PDA

View Full Version : Prawns - Lights - Squid?



IRMC000
01-06-2008, 06:10 PM
At Night:
Are Prawns attracted to lights?
Are squid attracted to lights?
OR - Squid come to lights to get the prawns?

Has anyone ever used lights to catch prawns?
Thoughts welcome?

Freeeedom
01-06-2008, 06:20 PM
Squid are definitely attracted to lights, which is why some of the jetties with lights on them are/were (in the case of the Woody Point jetty) great places to chase them in the winter. Commercial squid boats fishing the southern ocean use massive banks of floodlights to bring the squid to the boats. This is also why some of the squid jigs are luminous - shine a bright light on them for a few seconds and they will glow for quite a while, attracting the squid. You can also attract the squid in winter in places like the Redcliffe reefs by shining a bright light (like a pressure lantern) into the water on the calm winter nights after dusk and catching them on jigs very close to the boat when they come to the light.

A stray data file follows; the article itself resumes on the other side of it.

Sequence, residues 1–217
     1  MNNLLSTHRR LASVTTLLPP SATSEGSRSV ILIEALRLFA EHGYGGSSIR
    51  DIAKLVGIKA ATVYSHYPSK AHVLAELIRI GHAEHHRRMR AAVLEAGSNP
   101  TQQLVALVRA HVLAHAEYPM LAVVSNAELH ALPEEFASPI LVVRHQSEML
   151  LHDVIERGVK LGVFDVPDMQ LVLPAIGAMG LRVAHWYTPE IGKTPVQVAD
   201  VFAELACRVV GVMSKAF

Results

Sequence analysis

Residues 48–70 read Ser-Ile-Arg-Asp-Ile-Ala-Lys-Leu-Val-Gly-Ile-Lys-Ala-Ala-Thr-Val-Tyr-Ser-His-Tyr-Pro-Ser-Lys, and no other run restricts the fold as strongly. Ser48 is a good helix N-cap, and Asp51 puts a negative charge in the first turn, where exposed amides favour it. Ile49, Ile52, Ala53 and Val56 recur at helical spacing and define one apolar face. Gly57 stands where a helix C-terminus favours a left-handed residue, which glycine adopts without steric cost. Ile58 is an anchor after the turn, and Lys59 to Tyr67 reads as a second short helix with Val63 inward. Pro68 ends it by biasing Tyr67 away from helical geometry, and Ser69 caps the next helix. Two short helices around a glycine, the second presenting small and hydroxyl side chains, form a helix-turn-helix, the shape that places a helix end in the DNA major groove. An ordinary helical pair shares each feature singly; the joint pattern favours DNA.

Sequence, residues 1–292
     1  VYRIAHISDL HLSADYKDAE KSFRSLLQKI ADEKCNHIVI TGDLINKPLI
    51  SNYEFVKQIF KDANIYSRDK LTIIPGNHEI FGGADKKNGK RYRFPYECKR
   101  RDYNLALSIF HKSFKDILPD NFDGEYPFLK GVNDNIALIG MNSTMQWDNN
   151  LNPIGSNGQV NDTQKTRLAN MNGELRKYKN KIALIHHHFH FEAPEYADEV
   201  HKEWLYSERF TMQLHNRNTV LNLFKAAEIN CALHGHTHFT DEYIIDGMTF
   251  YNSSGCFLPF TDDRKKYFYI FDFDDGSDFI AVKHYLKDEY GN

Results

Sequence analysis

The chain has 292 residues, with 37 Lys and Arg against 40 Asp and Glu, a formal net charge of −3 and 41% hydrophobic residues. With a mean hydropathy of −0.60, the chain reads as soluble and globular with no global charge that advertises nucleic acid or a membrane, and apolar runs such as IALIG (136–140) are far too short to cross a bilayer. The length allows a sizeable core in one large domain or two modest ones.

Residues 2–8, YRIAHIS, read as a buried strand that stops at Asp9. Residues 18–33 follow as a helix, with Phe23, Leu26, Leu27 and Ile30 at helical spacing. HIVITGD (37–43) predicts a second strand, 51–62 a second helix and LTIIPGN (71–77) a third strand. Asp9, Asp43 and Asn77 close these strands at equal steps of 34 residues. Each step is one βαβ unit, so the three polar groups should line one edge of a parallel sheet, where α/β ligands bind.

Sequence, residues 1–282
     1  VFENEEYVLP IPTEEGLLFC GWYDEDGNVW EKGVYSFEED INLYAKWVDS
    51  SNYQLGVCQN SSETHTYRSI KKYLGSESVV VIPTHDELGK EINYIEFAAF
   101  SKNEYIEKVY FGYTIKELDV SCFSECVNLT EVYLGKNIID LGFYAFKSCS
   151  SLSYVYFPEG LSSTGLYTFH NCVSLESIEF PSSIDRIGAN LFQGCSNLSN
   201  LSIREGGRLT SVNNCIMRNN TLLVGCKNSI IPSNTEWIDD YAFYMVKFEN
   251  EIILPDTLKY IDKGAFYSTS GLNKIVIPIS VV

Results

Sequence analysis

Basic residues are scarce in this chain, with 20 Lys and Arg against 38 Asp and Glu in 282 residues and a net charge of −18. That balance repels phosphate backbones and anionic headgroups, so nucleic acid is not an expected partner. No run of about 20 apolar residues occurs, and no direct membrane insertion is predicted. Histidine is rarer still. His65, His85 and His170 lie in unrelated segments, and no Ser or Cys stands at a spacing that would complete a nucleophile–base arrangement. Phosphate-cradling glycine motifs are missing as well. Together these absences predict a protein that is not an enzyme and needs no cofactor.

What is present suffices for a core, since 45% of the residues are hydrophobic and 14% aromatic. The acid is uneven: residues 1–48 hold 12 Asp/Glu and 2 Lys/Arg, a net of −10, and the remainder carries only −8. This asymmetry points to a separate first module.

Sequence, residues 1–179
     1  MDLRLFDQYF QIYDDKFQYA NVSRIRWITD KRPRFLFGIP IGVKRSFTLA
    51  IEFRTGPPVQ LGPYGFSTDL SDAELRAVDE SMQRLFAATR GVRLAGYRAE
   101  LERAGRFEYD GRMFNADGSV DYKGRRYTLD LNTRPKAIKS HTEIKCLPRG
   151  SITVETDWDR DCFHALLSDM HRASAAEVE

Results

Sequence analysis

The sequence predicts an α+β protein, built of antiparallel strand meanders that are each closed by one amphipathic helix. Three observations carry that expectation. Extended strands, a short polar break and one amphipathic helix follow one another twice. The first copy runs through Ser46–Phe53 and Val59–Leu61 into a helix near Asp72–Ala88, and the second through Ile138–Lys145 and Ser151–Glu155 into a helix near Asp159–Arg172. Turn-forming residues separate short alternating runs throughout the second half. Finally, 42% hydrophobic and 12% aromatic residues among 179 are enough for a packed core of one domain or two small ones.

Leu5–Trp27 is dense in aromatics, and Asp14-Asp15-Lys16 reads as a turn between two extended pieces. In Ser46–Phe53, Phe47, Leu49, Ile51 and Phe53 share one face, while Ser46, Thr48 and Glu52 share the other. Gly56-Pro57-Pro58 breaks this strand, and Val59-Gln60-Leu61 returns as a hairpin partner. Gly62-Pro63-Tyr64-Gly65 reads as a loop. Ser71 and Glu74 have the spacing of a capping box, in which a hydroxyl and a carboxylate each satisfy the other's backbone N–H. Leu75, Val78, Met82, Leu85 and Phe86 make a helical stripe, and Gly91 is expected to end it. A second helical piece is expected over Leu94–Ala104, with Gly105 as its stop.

Can't comment on the prawns since I've never tried prawning at night, although the plive prawns which I keep in the aquarium at home in between trips always bury themselves in the gravel on the bottom of the aquarium during the night.
Cheers Freeeedom

Pero
02-06-2008, 05:16 AM
Squid are definitely attracted to lights, which is why some of the jetties with lights on them are/were (in the case of the Woody Point jetty) great places to chase them in the winter. Commercial squid boats fishing the southern ocean use massive banks of floodlights to bring the squid to the boats. This is also why some of the squid jigs are luminous - shine a bright light on them for a few seconds and they will glow for quite a while, attracting the squid. You can also attract the squid in winter in places like the Redcliffe reefs by shining a bright light (like a pressure lantern) into the water on the calm winter nights after dusk and catching them on jigs very close to the boat when they come to the light.